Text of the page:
What an excellent time of year. Spring green-up and all of the new growth that
comes with it puts almost everyone in a better mood with a sense of fresh
excitement. The smell of fresh-cut grass in the spring—one can’t help being
giddy about what it means, even those who suffer from Satan’s nasal dust
(pollen) like me. Down south, there are the magnolias that suggest spring has
arrived. Up north, the dogwood, apple, and cherry blossoms draw in crowds to
also soak up the sunshine after a long winter of snow-cover that mostly keeps
people from using recreational fields. Spring is magical here in the middle
too, but it also comes with a couple of four-letter words for many bermudagrass
athletic field managers: “Dead” and “Spot.”
spot is typically a mild nuisance for turf managers in the Deep South when
bermudagrass is never fully dormant but it is of great concern for those in the
transition zone where bermudagrass completely shuts down each winter. Field
managers in these regions typically begin thinking about the disease as their
bermudagrass breaks dormancy everywhere except those ugly, bare, sunken
circular patches sporadically placed across the playing surfaces. Their
thoughts may include: How bad will it be this year? Will this make my field
unsafe for athletes? How long will it take to recover? How many other
four-letter words should I associate with this disease?
Sooner or later
bermudagrass-growing transition-zone turf managers into three categories: 1)
those that have it each year, 2) those that have it bad each year, and 3) those that don’t have it yet, but will soon move to one of the former categories.
disease is just as the name implies; dead spots in the spring, specifically on
bermudagrass recreational surfaces. However, the problem develops in the fall
and winter so management strategies are a bit tricky. One important
consideration in managing this disease is that patches reappear in the exact
same location for several years, gaining a little momentum each spring.
been battling spring dead spot for decades with mixed results at best. We’ve
known about it. We’ve dealt with it. We’ve hated it. It always seems that with
every step forward, there is a step or two backwards. There are some new and
exciting fungicides out there that can be applied in the fall but it always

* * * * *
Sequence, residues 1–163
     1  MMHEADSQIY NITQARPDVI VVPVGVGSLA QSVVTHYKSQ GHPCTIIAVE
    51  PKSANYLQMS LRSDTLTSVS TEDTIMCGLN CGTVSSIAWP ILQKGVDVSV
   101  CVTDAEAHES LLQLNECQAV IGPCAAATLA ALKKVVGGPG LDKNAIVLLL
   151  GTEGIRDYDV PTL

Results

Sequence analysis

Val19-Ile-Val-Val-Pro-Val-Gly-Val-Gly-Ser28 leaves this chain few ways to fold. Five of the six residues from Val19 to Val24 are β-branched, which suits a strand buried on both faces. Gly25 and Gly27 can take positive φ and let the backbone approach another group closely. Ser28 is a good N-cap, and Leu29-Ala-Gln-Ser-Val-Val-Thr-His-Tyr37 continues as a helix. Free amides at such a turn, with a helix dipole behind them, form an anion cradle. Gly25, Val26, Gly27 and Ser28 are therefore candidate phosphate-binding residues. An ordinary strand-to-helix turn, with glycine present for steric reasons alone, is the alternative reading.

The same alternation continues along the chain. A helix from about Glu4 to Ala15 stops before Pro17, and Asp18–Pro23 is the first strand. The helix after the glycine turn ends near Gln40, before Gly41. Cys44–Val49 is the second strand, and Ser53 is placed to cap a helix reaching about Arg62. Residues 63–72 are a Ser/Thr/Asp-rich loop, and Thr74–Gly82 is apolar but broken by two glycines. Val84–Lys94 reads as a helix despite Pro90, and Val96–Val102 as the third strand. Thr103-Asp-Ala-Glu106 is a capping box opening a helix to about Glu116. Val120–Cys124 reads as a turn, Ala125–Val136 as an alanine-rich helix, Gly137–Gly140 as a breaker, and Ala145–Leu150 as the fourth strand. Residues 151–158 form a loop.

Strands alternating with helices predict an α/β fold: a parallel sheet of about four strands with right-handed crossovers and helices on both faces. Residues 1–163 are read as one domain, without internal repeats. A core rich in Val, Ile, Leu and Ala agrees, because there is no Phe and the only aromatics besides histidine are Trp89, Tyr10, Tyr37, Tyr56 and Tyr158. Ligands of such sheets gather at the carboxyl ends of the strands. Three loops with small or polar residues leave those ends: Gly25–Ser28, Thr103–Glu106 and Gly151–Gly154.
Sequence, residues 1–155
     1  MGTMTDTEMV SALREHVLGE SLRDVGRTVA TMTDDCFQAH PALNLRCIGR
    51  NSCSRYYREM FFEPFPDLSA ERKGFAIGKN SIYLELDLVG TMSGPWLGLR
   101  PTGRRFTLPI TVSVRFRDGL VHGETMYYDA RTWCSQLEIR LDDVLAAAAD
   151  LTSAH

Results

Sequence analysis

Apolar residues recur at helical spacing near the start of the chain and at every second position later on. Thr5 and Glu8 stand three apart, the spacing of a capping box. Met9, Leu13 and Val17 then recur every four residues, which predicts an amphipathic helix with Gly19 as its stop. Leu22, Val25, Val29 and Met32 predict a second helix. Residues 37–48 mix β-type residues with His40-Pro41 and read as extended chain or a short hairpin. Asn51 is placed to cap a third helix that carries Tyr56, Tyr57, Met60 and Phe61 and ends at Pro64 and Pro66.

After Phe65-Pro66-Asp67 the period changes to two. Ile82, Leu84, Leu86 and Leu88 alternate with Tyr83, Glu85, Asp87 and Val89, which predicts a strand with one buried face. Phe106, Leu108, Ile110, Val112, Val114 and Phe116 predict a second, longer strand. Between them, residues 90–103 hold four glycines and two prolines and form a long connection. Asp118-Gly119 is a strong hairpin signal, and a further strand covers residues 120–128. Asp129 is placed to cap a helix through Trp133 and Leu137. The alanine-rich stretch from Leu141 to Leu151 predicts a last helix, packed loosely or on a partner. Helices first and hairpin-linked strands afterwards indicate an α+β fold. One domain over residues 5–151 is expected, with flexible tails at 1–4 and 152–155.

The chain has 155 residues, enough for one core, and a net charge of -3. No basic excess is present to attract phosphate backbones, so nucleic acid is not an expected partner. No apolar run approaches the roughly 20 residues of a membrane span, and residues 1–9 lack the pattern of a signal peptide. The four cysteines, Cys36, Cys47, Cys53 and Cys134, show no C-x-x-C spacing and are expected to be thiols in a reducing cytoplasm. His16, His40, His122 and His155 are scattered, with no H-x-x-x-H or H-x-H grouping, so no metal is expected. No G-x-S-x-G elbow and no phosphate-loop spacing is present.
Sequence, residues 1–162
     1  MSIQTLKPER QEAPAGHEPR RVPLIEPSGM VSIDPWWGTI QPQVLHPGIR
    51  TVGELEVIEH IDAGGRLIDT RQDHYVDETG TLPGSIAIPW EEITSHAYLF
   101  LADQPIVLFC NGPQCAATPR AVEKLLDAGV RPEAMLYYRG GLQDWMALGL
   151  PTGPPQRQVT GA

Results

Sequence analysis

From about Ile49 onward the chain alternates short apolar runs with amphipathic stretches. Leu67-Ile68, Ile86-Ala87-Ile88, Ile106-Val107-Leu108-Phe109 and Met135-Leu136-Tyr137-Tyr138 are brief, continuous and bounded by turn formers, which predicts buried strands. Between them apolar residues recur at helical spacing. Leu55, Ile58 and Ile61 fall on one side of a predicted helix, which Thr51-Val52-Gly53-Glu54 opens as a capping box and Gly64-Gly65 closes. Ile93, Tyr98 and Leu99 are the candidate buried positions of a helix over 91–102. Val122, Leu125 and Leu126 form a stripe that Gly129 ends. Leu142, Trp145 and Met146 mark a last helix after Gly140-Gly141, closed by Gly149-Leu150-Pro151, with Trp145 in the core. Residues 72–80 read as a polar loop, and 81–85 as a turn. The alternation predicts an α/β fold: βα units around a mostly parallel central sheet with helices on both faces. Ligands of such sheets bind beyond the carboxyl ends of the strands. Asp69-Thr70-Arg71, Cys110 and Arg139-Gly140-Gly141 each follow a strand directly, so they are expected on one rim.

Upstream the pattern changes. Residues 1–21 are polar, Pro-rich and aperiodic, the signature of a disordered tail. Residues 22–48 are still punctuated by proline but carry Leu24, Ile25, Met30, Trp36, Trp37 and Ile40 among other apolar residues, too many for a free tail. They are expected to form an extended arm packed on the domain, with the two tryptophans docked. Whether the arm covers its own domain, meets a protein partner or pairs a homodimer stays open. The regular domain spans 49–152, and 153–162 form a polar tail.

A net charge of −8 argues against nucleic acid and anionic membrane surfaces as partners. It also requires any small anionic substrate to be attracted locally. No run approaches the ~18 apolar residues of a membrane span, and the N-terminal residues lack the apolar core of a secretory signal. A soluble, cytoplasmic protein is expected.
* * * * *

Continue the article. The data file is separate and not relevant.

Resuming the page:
comes with a caveat. “The product is too expensive to spray everything.” “The
product doesn’t work consistently in my area.” “The product is only available
for use on golf courses.” There is always something that prevents sports field
managers from successfully and consistently suppressing the disease.
at Virginia Tech is trying to tackle spring dead spot from several different
angles to provide better management recommendations. We continue to investigate
traditional methods for both suppression and recovery. But we’re also trying to
think outside the box by blending technologies that are currently on the
periphery of our industry.
we are using drones to build disease incidence maps and GPS sprayers for
targeted fungicide applications. Advancements in equipment availability,
reduced costs, accessibility for rapid data processing, and improved
understanding of how to integrate these technologies into our current
management are paving the way for a brighter future. The process sounds
complicated and developing the initial template was time consuming, but the
concept is quite simple. Simply put, we are using these technologies to put the
right product in the right place, at the right time.
research was conducted on five fairway sites within a golf course in Richmond,
VA beginning in the spring of 2016 and continuing through 2018. The
much-abbreviated version follows. We flew drones over a series of fairways each
spring to collect thousands of images. These images were stitched together like
a complex puzzle using post-flight imaging software and then the fun began. We
developed a series of algorithms for our mosaicked images to digitally
differentiate healthy bermudagrass from symptomatic spring dead spot and
quantify the damage, with each pixel of our image having a precise GPS